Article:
5 Things Your Home Care Quality Assurance Nurse Wants You to Know
Have you ever felt like you and the Quality Assurance nurses are on different teams? Learn 5 things your home care quality assurance nurse wants you to know.
If you're a home care nurse, there's a good chance that your agency has quality assurance nurses (QA). They might be in-house, or they may work for another company. No matter where or how these nurses work with you, they have the same role - to ensure quality and cost-effective care for the agency.
Quality assurance nurses apply policies, procedures, or regulatory guidelines to the work of other nurses. They might work as a liaison between you, the patient, the agency, and the payer sources. They are often part of quality-improvement teams and may lead quality improvement initiatives or plans.
Often, these nurses have been in the field and know just how home care works. Here are a few things you should know about the role of the quality assurance nurse in the home care setting:
We are on the same team
The QA nurse might send work back to you or send messages asking you to complete or clarify the information you provided in your assessment. It could feel like you're continually getting notes or having to "re-do" work. We realize this and just want you to know that we are on the same team.
When the QA nurse sends work back, it is to maximize payment and ensure that care is provided per the guidelines and regulations. They are not trying to question your work - but instead, want to make sure that it is easy to understand and supports the care that the patient needs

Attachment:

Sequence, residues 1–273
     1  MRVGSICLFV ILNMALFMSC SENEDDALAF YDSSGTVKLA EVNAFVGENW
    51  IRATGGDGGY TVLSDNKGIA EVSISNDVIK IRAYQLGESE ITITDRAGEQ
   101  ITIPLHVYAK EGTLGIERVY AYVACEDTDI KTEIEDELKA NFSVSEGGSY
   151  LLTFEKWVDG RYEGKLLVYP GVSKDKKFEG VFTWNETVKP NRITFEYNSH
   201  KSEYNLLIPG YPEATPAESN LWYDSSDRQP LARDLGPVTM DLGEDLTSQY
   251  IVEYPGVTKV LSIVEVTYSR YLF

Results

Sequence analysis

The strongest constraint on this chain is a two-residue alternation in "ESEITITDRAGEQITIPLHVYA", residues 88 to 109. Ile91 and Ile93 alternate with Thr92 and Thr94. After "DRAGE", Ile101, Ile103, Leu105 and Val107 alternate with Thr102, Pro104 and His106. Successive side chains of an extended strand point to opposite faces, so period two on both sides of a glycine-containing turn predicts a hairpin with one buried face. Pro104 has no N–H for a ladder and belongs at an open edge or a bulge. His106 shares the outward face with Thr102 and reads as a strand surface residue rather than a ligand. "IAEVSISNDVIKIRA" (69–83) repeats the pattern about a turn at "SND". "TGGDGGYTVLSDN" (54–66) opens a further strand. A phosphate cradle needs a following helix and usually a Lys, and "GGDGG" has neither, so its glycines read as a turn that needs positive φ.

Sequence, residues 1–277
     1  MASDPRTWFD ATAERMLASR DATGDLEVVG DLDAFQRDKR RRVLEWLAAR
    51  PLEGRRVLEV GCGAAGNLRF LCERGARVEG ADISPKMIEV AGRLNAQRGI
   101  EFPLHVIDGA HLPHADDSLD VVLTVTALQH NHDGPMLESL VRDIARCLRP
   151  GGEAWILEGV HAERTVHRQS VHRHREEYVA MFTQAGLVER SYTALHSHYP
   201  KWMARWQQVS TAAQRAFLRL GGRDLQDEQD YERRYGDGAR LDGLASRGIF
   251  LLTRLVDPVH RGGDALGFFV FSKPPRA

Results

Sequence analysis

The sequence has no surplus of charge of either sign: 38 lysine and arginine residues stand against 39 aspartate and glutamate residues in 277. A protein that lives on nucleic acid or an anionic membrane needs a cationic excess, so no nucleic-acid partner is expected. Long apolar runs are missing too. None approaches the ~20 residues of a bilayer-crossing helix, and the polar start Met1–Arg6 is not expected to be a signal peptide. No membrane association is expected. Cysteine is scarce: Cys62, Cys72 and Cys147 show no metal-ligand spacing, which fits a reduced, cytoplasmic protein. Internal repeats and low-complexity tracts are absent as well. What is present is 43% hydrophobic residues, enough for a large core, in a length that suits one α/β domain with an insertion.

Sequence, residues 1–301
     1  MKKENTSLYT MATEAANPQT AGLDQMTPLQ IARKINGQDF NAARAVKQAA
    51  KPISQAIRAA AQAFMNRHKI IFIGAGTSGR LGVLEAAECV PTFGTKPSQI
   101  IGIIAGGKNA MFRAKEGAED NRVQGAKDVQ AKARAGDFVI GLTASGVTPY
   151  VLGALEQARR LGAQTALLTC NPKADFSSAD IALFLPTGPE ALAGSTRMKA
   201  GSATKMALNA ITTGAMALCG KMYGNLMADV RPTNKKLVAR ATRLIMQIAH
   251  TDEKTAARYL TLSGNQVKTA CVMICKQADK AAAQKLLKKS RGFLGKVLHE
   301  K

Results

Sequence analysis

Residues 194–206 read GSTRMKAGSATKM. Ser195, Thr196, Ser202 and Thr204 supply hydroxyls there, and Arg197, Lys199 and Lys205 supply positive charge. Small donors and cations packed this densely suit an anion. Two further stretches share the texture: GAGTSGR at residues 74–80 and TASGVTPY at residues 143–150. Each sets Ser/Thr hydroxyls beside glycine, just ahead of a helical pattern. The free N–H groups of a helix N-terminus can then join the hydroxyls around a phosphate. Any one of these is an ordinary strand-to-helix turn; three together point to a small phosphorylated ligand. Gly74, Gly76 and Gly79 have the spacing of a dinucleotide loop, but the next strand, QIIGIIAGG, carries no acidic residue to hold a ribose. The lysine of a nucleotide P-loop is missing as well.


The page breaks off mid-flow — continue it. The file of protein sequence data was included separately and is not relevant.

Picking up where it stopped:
We really want to educate others
One of the things I personally love about being a quality assurance nurse is the opportunity to educate other nurses. I can teach about documentation, regulations, assessments, and quality while I audit charts. As new rules and regulations are passed, I get first-hand information that I get to share with others.
If we can't figure it out, neither can the auditor
I remember the days of seeing 6 or 8 patients each day and attempting to keep my charting clear. It was a challenge some days to keep the patients straight as I finished up my notes. However, mistakes happen. You might think you're in Mr. Jones' chart, but you're really in Mrs. Smith's chart and before you know it - the OASIS is incorrect.
We get it! Those are the mistakes we want to find. Remember, that if we read your notes and validate the OASIS and still can't figure out what needs to be in the chart - we need to ask. We want it to be correct. We need to ensure the best payment. And, we know that if we can't figure it out - neither can the Medicare or accrediting agency auditor.
We want to maximize the payment and serve the patient well
It's easy to think that management and quality staff are all about the money. While we do see the bigger picture, we also know that if we provide the right care - the money should come right along too.
We aren't all about the money. But, we do understand that healthcare is a business - even if we don't like it.